(Courtesy photo - Ed McCombs/Diné College)
Nonabah Sam is the new curator for Diné College's Ned Hatathli Museum, according to a college news release.
"It's an honor and pleasure to be here at Diné College," Sam said. "I have always enjoyed what the tribal college and universities movement has been doing for indigenous people especially, offering a chance at higher education on the reservation.
"I went to a tribal college and have had an array of fortunate opportunities," she said. "I am very excited to be here because in many ways I'm beginning to see my education come full circle - first learning the Western concepts and now back to the roots of my own people, indigenous pedagogy and concepts.
"I look at this as an opportunity to share the story behind the story," she said. "It's what museums are all about as a public education tool and resource."
Asked what she meant by "share the story, behind the story," Sam used the example of sand-painting panels displayed on the third floor of the museum.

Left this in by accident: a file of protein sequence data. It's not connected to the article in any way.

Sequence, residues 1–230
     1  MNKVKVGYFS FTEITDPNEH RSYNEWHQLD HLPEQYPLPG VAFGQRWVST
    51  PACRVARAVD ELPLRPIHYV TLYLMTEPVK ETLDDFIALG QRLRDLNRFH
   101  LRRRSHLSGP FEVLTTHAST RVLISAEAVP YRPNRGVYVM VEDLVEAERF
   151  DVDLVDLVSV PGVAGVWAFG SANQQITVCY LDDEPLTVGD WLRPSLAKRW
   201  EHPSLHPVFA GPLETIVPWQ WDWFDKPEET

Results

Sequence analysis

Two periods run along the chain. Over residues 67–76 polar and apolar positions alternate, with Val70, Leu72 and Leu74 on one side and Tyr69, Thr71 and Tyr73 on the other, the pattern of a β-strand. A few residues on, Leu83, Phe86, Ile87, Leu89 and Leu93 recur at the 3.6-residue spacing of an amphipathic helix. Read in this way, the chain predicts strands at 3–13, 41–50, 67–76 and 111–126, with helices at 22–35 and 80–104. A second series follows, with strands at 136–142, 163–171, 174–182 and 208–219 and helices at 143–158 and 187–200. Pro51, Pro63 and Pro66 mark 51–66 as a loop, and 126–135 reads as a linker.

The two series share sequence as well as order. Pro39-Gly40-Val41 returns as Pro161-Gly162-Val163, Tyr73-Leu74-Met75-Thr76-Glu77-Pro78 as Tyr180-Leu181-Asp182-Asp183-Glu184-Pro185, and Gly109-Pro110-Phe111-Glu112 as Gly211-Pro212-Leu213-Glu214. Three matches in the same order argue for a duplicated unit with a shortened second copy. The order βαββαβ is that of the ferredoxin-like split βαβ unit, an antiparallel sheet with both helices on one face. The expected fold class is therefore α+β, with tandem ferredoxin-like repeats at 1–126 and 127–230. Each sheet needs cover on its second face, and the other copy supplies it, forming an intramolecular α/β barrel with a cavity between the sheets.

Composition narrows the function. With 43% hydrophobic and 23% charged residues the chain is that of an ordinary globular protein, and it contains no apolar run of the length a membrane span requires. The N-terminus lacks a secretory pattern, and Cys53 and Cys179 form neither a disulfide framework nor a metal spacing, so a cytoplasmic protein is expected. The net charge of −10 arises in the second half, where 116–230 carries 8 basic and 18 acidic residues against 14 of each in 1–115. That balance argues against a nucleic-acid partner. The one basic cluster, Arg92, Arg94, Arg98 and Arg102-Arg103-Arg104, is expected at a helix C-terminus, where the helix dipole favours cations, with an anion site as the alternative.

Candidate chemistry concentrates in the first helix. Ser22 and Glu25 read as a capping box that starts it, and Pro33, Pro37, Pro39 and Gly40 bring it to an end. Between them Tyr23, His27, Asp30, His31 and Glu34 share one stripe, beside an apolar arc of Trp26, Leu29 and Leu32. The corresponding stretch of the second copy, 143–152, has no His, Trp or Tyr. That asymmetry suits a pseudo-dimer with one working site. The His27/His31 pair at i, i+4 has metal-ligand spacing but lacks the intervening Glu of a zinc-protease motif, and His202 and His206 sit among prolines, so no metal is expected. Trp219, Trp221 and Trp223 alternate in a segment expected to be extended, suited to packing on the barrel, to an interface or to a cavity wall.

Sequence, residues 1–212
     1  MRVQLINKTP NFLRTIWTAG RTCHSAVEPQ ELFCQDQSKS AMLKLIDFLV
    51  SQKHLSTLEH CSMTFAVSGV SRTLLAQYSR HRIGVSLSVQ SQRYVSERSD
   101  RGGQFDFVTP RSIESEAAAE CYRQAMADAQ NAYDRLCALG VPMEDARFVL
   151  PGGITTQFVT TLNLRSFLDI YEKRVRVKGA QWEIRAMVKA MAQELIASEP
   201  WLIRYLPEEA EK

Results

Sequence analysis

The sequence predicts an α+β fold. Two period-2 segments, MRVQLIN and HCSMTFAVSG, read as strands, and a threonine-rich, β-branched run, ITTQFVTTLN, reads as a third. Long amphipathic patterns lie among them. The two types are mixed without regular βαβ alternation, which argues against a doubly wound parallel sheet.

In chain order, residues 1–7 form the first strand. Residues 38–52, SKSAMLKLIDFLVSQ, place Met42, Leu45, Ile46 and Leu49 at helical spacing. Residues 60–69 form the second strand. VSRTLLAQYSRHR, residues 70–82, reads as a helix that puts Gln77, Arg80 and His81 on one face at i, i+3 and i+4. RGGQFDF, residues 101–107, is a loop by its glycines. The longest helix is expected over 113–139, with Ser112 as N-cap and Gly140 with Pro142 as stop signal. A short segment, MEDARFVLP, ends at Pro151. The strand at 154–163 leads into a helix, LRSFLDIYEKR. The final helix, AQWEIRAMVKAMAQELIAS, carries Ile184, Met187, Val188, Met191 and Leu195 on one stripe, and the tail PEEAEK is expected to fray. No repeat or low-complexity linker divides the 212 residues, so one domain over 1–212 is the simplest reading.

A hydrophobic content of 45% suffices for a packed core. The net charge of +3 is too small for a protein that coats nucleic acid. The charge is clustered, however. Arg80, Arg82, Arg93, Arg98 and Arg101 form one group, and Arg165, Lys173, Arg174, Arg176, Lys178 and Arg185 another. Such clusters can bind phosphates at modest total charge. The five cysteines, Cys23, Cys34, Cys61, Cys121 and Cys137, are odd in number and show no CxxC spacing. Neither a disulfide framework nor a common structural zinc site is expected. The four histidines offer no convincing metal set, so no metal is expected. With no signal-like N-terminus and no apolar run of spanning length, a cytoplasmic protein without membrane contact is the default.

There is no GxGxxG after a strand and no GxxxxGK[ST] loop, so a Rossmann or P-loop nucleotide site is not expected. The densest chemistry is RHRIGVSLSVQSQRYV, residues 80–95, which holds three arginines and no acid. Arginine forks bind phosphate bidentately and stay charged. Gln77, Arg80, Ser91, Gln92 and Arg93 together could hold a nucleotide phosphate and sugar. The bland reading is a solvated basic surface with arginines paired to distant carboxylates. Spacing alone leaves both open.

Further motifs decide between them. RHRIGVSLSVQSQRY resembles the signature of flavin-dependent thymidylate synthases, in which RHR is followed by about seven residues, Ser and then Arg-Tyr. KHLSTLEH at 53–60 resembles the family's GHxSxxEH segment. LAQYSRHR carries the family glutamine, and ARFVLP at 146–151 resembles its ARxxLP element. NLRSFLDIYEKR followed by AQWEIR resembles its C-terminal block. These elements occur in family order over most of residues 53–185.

"Each and every one of these panels gives representation of our history and creation as Diné," she said. "We can look at our origin story and truly understand where we come from and how deeply rooted we are, traditionally speaking.
"These panels surpass any history book, mathematical configuration, or scientific matter, just like our creation story," she said.
Recently construction of a new archival center was completed at the Tsaile campus.
"We are looking forward to sharing this new building and possibly having a grand opening this summer or early fall," Sam said. "Right now, we are starting the process of doing an inventory of what we have in our collection and because that will take us some time, the process is slow moving at the moment."
Maggie George, president of Diné College, noted, "She brings a great deal of professionalism in museum training, knowledge and passion to bear on the future direction of our Ned Hatathli Museum and help us realize the full potential of our new archive center."
Sam, Navajo/Tesuque, is from Brimhall, N.M. She is a 1996 graduate of Tohatchi High and earned associates and bachelor's degrees in museum studies at the Institute of American Indian Arts in Santa Fe, N.M.
From 2008 to 2010, she served as an ambassador with Americans for Indian Opportunity.
She earned a master's degree at the University of New Mexico in language, literacy and sociocultural studies with an emphasis in American Indian education.